Professor Ethel Brooks is currently examining the treatment of Romani people (Gypsies) around the world. She is carrying out research on representations and practices of “being” Romani in various sites of the nation-state. Brooks is one of a handful of Romani University scholars worldwide, and it has been especially critical for her to explore the comparative meanings and practices of Holocaust and post-Holocaust amongst groups affected by it both directly and indirectly. Her work on Romani people, citizenship, land tenure and violence engages post-colonial cultural formations and migrant communities alongside large native and migrant Romani populations from various parts of Europe and the United States.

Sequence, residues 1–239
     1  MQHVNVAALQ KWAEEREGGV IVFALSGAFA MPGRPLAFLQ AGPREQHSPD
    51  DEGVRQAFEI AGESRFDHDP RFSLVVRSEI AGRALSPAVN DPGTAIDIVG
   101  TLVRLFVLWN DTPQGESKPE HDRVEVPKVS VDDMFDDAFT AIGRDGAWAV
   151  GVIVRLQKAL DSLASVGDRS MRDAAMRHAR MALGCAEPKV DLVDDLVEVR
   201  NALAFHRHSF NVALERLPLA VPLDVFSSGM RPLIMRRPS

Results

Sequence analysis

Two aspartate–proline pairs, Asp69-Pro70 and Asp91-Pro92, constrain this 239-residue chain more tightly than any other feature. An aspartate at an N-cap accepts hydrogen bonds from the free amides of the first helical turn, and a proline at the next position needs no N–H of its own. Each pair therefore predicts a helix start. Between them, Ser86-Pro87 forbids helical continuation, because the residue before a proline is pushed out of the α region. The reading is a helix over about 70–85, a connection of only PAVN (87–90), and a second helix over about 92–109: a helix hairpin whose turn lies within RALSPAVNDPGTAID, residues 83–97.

Title: Associate Professor, Rutgers Departments of Sociology
Professor Karen A. Cerulo has written several articles and a book (Identity Designs: the Sights and Sounds of a Nation) on national symbols, including anthems, flags, and holidays. She can comment on the adoption of such symbols, movements to change national symbols, symbols’ effects on the citizenry, their role in celebration, mourning, war, protest, community building, etc.
Title: Professor, Rutgers Departments of Sociology